The tongue is a very important part of the budgie’s anatomy. It is long and narrow, and it is covered in tiny hooks called papillae. The papillae help the budgie to grip onto seed shells and other small objects.

Budgies also use their tongues to keep their beaks clean.

Do ducks have tongues?

Yes, ducks do have tongues. Ducks are equipped with a long, thin tongue that helps them to preen their feathers and keep them clean. The tongue also aids in the duck’s eating habits, as it allows the duck to grab food and bring it back to its mouth.

While the duck’s tongue is not as visible as some other animals’ tongues, it is an important part of the duck’s anatomy. The tongue is used for many different purposes, including eating, drinking, and grooming.

Do eagles have tongues?

Eagles do have tongues. Eagles’ tongues are short, thin, and slightly curved. They are covered in small bumps called papillae, which help the eagle grasp food and aids in swallowing. Eagles use their tongues to eat both meat and fish. 

While most birds use their beaks to tear food into manageable pieces, eagles use their powerful talons to rip their prey apart. They then use their tongue to shove the food into their throats. The tongue’s papillae help hold the food in place while the eagle swallows. 

Do penguins have tongues?

Penguins do have tongues, and they are used for a variety of purposes. The tongue of a penguin is relatively small and is covered in keratinized bristles. 

These bristles help the penguin to grip onto their prey and shove it down their throat. The tongue also helps to keep the penguin’s beak clean as well as assist in preening their feathers.

Do seagulls have tongues?

Yes, seagulls have tongues. Their tongues are triangle-shaped and help them to eat their favorite food – small fish. Seagulls can’t chew food, so they use their tongue to help break it down.

Seagulls also use their tongue to help them drink water. They dip their tongue in the water and then suck the water up. This helps them stay hydrated.

Lastly, seagulls use their tongue to help them preen. They use their tongue to reach the feathers on their back that they can’t reach with their beak. This helps keep them clean and looking good.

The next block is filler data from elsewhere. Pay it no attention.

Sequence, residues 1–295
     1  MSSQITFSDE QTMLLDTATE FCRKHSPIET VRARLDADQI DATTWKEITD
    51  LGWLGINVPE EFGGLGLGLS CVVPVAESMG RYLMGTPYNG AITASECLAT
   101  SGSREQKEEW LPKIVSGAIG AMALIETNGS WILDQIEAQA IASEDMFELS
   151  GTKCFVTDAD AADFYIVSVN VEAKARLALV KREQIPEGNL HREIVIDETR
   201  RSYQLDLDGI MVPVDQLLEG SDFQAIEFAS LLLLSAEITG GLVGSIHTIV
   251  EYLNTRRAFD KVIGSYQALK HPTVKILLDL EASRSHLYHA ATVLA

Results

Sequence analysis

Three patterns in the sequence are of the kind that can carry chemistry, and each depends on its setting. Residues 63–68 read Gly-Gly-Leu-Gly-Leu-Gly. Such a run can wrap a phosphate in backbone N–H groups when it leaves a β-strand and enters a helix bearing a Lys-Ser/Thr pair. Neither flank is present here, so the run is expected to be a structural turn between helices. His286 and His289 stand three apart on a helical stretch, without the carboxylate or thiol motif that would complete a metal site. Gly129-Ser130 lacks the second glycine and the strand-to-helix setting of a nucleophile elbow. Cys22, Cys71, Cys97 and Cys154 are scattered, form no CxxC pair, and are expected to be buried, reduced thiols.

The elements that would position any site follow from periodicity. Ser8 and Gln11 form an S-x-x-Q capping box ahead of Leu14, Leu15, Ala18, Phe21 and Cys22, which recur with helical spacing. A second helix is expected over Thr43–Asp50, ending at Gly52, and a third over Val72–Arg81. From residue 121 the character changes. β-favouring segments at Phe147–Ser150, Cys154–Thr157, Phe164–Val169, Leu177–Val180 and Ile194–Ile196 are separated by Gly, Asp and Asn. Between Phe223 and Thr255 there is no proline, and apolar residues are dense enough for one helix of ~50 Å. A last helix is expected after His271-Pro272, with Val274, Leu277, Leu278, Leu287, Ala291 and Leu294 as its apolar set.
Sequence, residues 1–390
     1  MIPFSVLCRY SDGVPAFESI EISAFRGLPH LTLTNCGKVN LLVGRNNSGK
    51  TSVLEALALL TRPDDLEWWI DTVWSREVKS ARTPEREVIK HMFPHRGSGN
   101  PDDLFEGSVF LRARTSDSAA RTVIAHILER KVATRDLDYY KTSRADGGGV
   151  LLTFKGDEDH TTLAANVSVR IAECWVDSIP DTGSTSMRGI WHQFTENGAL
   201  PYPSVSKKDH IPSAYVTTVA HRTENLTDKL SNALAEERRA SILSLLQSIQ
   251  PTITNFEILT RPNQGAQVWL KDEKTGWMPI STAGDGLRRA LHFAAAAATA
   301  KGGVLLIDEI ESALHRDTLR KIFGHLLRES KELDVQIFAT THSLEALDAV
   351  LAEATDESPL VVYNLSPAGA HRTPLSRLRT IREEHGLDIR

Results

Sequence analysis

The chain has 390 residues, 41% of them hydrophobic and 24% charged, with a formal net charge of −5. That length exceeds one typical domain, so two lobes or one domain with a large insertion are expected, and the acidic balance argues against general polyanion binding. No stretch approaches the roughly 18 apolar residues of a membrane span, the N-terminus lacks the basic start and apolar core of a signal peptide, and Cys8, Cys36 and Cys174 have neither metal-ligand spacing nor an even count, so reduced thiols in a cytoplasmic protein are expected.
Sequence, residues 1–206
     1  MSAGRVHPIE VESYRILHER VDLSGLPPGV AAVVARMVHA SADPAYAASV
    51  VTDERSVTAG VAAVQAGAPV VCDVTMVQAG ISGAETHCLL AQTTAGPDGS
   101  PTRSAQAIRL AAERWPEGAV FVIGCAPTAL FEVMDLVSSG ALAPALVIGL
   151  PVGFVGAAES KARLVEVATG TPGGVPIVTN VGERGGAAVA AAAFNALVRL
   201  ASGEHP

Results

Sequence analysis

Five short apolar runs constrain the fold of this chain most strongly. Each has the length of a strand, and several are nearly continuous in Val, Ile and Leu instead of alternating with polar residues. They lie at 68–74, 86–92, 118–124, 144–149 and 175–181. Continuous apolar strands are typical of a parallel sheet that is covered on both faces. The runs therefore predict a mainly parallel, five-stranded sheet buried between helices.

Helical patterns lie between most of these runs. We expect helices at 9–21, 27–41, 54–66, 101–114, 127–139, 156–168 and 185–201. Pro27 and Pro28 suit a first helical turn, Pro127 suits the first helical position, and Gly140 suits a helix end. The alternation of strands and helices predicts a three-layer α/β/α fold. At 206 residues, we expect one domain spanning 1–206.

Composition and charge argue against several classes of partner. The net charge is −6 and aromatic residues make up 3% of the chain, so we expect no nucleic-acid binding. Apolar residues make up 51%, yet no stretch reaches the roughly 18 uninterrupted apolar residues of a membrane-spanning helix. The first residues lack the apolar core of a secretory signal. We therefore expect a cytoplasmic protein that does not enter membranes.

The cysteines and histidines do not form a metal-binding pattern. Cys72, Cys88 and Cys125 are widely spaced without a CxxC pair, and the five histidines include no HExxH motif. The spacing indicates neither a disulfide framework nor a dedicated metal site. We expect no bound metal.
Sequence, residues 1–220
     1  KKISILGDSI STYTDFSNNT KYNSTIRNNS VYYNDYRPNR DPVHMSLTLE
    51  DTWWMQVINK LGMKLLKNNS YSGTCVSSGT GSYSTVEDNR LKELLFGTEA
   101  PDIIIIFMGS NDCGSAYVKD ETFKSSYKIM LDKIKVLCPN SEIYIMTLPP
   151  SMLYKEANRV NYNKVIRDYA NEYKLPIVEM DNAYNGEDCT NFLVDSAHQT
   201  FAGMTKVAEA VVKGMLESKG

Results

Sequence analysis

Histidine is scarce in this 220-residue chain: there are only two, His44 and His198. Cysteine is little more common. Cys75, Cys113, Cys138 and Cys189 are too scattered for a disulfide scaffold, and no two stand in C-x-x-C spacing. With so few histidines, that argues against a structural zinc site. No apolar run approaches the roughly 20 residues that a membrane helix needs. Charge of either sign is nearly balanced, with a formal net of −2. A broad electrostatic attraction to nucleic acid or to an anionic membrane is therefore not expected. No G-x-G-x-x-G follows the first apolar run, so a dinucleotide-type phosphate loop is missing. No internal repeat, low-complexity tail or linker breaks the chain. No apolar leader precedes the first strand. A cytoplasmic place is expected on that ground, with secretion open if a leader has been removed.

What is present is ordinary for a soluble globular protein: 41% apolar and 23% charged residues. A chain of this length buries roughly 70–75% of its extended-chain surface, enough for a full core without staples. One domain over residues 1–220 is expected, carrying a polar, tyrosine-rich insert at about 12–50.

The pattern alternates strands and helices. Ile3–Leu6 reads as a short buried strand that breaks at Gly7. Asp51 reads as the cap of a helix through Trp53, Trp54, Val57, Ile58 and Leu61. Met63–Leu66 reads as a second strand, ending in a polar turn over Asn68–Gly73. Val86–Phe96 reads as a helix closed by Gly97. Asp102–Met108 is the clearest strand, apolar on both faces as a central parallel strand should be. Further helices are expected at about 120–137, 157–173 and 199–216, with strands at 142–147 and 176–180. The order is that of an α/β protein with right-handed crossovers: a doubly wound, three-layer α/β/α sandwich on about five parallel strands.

A baby seagull sticking its tongue out.
Image by Davgood Kirshot from Pixabay

Are there any birds without tongues?

All birds have a tongue. Although the tongues of most birds are relatively small, some, such as the woodpecker, have a very long and agile tongue. The tongue is used for preening, feeding, and drinking. It is also used for vocalization in some cases. The shape and size of a bird’s tongue vary depending on its diet and feeding habits. 

Some birds, such as hummingbirds, can extend their tongues up to twice their body length to reach nectar at the bottom of flowers.

There are no known species of bird that do not have a tongue. Even though they may be small and not always visible, all birds have tongues.

Do hummingbirds have tongues?

Do hummingbirds have tongues?

Yes, all hummingbirds have tongues. The tongue is a long, thin tube that is rolled up inside the mouth when not in use. When the hummingbird wants to drink nectar from a flower, it extends its tongue out of its beak and into the liquid. The tongue has small hairs on it that help lap up the nectar and direct it into the bird’s throat.

Which bird has a sticky tongue?

Woodpeckers are known for their sticky tongues, which help them to eat insects. The tongue is attached to the back of the skull and extends through the nostril. Woodpeckers use their tongues to snag insects that are hidden in crevices.